In 1906, Lenz created two bronzes for the monument Reynolds had designed for the Parsons family land. The first was the angel who stands framed by an arch. The figure is beautiful and wonderfully detailed, from the delicate folds of her dress to the garland of olive trees that serves as her belt. Although the spots have given the face a gloomy look from afar, the features are refined and the expression soft when seen up close. Closer examination is absolutely necessary to appreciate the intricate bronze frieze that surrounds the sides and rear of the monument. Dozens of figures appear in an ancient funeral procession. There are men and women, infants and the elderly. Some sing hymns written on scrolls, others wear crowns. Some seem hopeful, others are bowed down with grief.
The monument was commissioned by Agnes Chase Parsons, wife of John D. Parsons, Jr., chairman of the Albany Trust Company and the National Exchange Bank, also known for her extensive collection of autographs and rare books. Parsons was a major benefactor of the former Albany Orphan Asylum, which eventually became the Parsons Child and Family Center. John Parsons died at the age of 57 on December 16, 1904. The design of his monument was based on ideas provided by his wife.
Reynolds and Lenz also collaborated at the Hilton Mausoleum just down the Angel Parsons Path in 1909. The simple granite vault features a solid bronze relief that depicts an angel offering a poppy to a seated man. Unfortunately, this will be their last collaboration. Oscar Lenz, a young man of great personal charm and wonderful artistry, died on June 25, 1912. He was 39 years old.
Emily Weed Barnes (lots 1-3, section 109)
The Weed-Barnes lot is just across Linden Avenue from Angel Parsons. The centerpiece of the lot is a huge dark gray granite well honoring these two influential Albany editors, Thurlow Weed and his son-in-law, William Barnes. Around the imposing obelisk are assorted smaller tombstones.
As the sun set on September 8, 1848, Emily Weed Barnes, then 20, daughter of Thurlow Weed and future wife of William Barnes, wrote the following verses about the rural cemetery, which had only been consecrated four years earlier. :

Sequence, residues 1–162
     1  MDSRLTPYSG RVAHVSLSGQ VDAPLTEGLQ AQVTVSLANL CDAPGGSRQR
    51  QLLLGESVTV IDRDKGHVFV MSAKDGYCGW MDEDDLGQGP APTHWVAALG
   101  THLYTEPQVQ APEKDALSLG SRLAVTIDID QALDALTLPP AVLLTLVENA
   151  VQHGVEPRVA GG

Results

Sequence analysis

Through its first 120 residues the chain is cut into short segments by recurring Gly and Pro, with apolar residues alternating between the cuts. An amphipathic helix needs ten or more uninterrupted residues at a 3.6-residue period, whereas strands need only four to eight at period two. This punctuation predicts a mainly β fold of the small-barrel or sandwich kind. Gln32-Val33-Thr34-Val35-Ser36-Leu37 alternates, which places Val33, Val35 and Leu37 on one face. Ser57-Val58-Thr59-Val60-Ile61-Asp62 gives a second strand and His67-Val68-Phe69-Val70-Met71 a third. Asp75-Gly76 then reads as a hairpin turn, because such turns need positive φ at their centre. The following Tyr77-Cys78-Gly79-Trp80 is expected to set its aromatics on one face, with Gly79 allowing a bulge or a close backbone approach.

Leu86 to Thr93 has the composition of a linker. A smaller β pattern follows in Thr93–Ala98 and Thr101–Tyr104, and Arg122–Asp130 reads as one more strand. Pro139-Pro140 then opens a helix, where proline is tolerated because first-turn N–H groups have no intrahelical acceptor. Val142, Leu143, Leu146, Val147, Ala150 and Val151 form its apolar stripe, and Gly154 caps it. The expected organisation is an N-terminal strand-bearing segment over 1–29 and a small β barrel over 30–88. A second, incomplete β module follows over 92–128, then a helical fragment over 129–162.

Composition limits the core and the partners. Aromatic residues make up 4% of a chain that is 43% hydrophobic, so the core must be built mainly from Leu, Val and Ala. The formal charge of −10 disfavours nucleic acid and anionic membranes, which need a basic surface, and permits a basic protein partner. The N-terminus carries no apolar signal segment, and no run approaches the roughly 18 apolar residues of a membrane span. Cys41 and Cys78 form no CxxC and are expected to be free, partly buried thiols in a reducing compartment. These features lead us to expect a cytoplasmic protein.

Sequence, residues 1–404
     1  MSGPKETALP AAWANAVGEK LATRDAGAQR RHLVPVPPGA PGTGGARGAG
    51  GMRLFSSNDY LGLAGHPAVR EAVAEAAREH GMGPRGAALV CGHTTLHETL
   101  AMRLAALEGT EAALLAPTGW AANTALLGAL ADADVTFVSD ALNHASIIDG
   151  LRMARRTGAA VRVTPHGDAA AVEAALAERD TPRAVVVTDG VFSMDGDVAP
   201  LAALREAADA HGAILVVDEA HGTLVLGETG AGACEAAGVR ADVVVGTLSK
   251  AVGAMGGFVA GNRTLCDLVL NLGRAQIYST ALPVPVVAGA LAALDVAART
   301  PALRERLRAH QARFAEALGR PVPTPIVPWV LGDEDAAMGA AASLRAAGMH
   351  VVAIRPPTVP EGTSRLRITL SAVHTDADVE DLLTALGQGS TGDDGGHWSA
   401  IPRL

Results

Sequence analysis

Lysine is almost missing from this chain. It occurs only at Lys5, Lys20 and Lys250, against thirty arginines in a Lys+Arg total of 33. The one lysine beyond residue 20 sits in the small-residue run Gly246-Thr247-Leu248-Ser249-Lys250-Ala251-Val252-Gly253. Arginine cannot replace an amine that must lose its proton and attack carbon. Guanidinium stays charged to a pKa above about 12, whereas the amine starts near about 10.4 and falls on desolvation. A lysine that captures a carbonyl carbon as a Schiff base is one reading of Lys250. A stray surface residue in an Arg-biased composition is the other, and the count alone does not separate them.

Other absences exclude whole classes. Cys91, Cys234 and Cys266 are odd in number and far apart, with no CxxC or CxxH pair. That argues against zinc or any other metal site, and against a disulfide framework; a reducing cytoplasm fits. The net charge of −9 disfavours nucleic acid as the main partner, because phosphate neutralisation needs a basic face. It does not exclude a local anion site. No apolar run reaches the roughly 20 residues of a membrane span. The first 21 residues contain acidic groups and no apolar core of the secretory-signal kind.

As the children got tired of playing
Throw away their toys and yearn for rest
Fly into a mother’s arms
And fall asleep on his chest,
So, Tawasentha, my soul
Beside his thrown earthly toys,
So will he have your sweet control.
And sleep softly here at last.
Tawasentha was Mohawk for “the place of many dead” and was one of the first names proposed for the rural cemetery in Albany. (Naming the cemetery was a surprisingly touchy subject with many letters and editorials in the Albany Argus suggesting and debating various names). The name Tawasentha was most often applied to the Normanskill Valley and was popularized in Longfellow’s Hiawatha song.
Emily Weed was born in 1827 and in 1849 married William Barnes who succeeded her father as editor of the Albany Evening Journal. As the registration secretary of the Albany Army Relief Association during the Civil War, she was active with the famous Albany Army Relief Bazaar (also known as the Sanitary Bazaar) which opened in Academy Park in 1864 This fair raised around $ 85,000 for the Union War. effort and is perhaps best known for the auction of the first draft of the Emancipation Proclamation which was sent to Emily by President Lincoln via a family friend, Secretary of State William Henry Seward. This project is now owned by the New York State Library.
Emily Weed Barnes died on February 10, 1889. The verses she had written 41 years earlier were cast in bronze and affixed to her gravestone.
Elsie Cuyler Ten Eyck (Lot 1, item 49)
I really like the effigies of souls, winged faces or skulls which were a popular motif on tombstones from the late 17th to early 18th century. While these designs are much less common in Albany than in the Hudson Valley or New England, there are some wonderful examples at the rural cemetery.
This particular soul effigy does not have the usual wings and is simply surrounded by delicate flowers. The expression is serene and direct. It may even have been designed as a simple portrait of the deceased. The stone is unfortunately not signed by the sculptor.
This sandstone bollard was originally erected in the Dutch Reformed Cemetery that once stretched from Beaver Street to Hudson Avenue, just east of South Pearl. Over the years it has been moved several times from the original tomb to an arch under the Second Reformed Church which was built on top of the burial grounds. Eventually, it was placed in the Church Grounds section of the Rural Cemetery next to many old gravestones and relocated remains from the Old State Street Cemetery and other ancient Albany cemeteries.
The stone marked the grave of Elsie Cuyler, wife of Barent C. Ten Eyck. Born in 1728, she married in 1756. Her husband was a prominent silversmith and town councilor in Albany. Elsie died on November 27, 1791. She had no children and her gravestone was probably ordered by Barent, who survived her for four years.
Paula Lemire is the creator of Albany Rural – Beyond The Graves on Facebook.